Introduction to Antiphilosophy

By David Winters , 9 May 2012

According to the art critic and theorist Boris Groys, philosophy may have met its match in a counter-tradition of modern ‘antiphilosophy.’ Introduction to Antiphilosophy marshals such thinkers as Benjamin, Nietzsche and Derrida in an attempt to antagonise standard philosophical practice. Eleven essays explore separate figures in turn, with the project’s rationale made explicit in an extended preface and prologue.


Groys’ book begins with an inventive metaphilosophical argument. Philosophy, he claims, is conventionally characterised as a ‘pursuit of universal truth,’ purified from everyday experience. In contrast, ‘antiphilosophy’ arises to problematise such pursuits, ascribing philosophical value to events and sensations routinely encountered in the lifeworld. It insists that philosophy isn’t our sole, privileged point of access to ‘philosophical’ content, which is instead embedded in ‘ordinary practices’ like laughter (for Bakhtin) and gift-giving (Mauss), among other examples.


The originality of Groys’ approach lies in an asserted analogy between antiphilosophy and post-Duchampian ‘anti-art.’ Each disrupts a similar set of entrenched distinctions; between philosophy and life on the one hand, and art and life on the other. If Duchamp said of his readymades that they were a way of ‘denying the possibility of defining art,’ then antiphilosophy, too, denies philosophy its definition. Just as found objects flaunt their lack of ‘intrinsic’ aesthetic value, antiphilosophy deflates the notion that truth is an ‘inner quality’ of philosophical discourse, recasting it as commonplace and contingent. Hence Groys reads Heidegger, McLuhan and others as ‘readymade philosophers, by analogy with readymade artists.’


The book’s chapters were previously published as separate essays, and some of them fail to flesh out the preface’s promise. However, Groys gives a compelling case study of Kierkegaard, whose contribution to antiphilosophy consists of his calling attention to ‘the commonplaceness of the figure of Christ.’ For Kierkegaard, Christ’s significance lies in his looking like an ordinary man, such that a leap of faith is required to regard him as Christ. Groys likens this leap to ‘the readymade procedure… in which an artist declares an object from a mass-produced series to be an individual artwork.’ Both acts accomplish a sacralisation of commonplace objects, which are reconceived as containers of unverifiable value. So, Kierkegaard’s ‘readymade’ model of Christ is antiphilosophical insofar as it makes any man in the crowd ‘a legitimate object of philosophical reflection,’ where such reflection is irresolvable into ‘proof.’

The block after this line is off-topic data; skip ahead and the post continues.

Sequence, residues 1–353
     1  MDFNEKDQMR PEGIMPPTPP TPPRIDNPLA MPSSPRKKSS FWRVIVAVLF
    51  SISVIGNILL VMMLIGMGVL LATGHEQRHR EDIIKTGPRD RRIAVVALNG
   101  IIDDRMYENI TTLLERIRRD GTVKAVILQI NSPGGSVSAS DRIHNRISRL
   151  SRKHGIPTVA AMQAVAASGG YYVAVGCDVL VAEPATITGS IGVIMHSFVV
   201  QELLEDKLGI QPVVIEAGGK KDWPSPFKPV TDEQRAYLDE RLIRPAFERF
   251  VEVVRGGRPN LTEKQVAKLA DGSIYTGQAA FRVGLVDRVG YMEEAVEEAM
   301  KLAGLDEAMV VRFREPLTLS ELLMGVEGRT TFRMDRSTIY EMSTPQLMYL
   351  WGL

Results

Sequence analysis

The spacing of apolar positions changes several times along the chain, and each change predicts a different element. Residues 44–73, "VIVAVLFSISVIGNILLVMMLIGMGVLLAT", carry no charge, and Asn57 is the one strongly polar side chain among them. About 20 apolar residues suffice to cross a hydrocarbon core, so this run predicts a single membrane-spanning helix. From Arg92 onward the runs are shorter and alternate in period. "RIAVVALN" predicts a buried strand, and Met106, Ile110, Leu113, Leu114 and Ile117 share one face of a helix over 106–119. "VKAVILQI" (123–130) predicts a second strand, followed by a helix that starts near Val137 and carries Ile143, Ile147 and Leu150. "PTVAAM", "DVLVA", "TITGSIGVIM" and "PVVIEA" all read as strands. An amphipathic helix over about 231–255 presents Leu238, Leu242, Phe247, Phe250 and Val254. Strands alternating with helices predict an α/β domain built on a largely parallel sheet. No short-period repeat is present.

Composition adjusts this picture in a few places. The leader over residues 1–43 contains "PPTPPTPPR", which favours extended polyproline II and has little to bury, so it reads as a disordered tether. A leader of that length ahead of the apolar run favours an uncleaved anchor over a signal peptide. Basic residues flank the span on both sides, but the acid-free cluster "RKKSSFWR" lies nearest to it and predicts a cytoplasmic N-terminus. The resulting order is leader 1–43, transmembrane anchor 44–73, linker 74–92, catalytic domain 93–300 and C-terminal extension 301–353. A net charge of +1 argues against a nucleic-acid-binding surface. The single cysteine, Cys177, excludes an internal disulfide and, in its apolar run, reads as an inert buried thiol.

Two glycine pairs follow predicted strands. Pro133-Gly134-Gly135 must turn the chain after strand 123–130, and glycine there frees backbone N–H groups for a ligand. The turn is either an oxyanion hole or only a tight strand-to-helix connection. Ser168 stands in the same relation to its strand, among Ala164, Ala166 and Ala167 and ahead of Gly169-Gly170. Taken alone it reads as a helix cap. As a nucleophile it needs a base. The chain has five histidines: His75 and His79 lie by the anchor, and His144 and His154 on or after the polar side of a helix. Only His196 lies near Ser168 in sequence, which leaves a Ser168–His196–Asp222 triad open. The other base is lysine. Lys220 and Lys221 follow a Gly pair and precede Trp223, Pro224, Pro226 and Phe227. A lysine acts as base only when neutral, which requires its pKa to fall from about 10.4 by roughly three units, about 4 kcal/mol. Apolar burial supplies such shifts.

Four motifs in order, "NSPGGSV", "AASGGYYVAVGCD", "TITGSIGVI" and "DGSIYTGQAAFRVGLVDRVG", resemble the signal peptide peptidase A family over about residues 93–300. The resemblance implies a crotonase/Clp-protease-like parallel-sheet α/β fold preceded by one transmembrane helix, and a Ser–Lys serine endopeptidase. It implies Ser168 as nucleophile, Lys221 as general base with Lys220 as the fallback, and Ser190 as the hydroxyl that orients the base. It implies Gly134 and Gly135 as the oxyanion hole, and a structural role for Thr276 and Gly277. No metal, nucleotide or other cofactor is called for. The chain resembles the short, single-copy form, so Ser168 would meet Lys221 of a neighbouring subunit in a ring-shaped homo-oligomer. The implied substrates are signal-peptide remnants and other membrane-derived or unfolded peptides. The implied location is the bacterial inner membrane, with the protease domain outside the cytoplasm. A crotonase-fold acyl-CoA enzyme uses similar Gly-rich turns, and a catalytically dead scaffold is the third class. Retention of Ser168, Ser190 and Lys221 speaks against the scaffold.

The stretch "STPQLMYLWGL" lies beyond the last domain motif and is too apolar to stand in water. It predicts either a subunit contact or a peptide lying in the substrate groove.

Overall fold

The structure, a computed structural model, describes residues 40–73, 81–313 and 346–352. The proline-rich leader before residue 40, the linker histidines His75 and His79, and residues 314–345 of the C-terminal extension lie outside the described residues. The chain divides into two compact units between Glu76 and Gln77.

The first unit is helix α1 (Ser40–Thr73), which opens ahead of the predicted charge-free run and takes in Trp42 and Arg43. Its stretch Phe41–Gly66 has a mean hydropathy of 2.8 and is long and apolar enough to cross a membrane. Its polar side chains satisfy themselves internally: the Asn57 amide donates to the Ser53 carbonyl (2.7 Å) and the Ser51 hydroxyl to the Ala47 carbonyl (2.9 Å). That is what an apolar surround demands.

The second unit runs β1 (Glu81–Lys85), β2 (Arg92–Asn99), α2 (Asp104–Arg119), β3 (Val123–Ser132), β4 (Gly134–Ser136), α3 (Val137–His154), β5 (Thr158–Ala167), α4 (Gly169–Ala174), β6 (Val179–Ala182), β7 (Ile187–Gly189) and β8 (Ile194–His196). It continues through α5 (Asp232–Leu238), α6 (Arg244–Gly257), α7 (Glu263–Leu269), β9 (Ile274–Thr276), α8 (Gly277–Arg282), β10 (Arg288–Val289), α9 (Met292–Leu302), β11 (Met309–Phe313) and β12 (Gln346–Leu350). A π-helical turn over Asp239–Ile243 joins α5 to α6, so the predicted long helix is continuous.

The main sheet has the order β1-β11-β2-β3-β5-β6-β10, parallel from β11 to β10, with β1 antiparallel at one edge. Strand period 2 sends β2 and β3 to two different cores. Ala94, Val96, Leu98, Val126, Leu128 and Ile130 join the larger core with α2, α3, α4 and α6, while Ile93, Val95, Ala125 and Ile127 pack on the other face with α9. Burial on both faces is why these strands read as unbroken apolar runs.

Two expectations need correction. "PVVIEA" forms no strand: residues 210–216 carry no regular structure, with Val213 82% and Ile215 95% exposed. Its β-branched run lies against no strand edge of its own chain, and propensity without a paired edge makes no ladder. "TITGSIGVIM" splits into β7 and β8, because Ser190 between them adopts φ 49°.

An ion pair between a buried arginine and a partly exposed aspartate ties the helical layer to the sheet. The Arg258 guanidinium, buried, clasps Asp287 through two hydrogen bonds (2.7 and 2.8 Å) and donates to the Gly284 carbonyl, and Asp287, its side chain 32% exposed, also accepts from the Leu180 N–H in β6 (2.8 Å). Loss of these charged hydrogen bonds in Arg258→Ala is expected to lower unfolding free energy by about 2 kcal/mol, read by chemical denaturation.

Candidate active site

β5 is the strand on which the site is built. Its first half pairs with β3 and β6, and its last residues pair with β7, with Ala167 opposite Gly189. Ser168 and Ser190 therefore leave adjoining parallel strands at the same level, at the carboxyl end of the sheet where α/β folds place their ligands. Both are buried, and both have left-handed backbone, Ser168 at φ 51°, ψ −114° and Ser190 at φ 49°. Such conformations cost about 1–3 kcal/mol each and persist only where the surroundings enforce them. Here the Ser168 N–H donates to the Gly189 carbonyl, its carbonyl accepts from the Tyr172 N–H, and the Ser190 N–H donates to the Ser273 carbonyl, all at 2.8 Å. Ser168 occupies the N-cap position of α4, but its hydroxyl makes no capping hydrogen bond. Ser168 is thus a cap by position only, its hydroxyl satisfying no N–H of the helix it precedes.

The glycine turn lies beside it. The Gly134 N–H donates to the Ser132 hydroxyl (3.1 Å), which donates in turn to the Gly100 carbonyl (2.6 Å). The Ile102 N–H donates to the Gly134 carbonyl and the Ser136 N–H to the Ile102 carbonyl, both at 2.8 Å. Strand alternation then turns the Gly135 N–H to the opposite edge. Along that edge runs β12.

At the time of putting the book together, Groys admits having been ‘unaware’ of Alain Badiou’s account of antiphilosophy. Badiou’s suggested tradition shares several names with that of Groys. But in Badiou the ‘antiphilosophical’ aspects of Kierkegaard, Nietzsche and others are valorised negatively, not positively. Like Groys, Badiou notes that ‘the antiphilosophical act consists in letting “what there is” be manifested… the real paradigm of which is art.’ Yet he avers that this overruling of propositional truth is precisely what a properly ‘systematic’ philosophy must be ‘on guard’ against. The crucial question, which can’t be resolved without dialogue between these two thinkers, is whether antiphilosophy’s privileging of particularity over ‘truth’ really is a radical act, or whether, as Bruno Bosteels has argued, it only ‘fills in for a missing emancipatory articulation.’



Boris Groys, Introduction to Antiphilosophy, Verso, 2012



Badiou, Alain, Wittgenstein’s Antiphilosophy, Verso, 2011

Bosteels, Bruno, ‘Radical Antiphilosophy’, Filozofski vestnik, 29:2, 2008